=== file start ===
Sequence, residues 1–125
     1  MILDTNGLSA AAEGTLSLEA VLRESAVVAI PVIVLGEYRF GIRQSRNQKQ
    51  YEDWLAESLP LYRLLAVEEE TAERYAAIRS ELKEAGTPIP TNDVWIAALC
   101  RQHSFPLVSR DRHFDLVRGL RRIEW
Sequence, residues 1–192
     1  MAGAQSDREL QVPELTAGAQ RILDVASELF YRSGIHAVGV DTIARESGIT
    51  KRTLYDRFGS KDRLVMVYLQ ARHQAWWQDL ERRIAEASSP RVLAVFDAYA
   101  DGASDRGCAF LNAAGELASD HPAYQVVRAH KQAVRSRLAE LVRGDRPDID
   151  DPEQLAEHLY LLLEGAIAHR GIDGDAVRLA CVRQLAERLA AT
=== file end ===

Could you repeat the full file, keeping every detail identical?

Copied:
Sequence, residues 1–125
     1  MILDTNGLSA AAEGTLSLEA VLRESAVVAI PVIVLGEYRF GIRQSRNQKQ
    51  YEDWLAESLP LYRLLAVEEE TAERYAAIRS ELKEAGTPIP TNDVWIAALC
   101  RQHSFPLVSR DRHFDLVRGL RRIEW
Sequence, residues 1–192
     1  MAGAQSDREL QVPELTAGAQ RILDVASELF YRSGIHAVGV DTIARESGIT
    51  KRTLYDRFGS KDRLVMVYLQ ARHQAWWQDL ERRIAEASSP RVLAVFDAYA
   101  DGASDRGCAF LNAAGELASD HPAYQVVRAH KQAVRSRLAE LVRGDRPDID
   151  DPEQLAEHLY LLLEGAIAHR GIDGDAVRLA CVRQLAERLA AT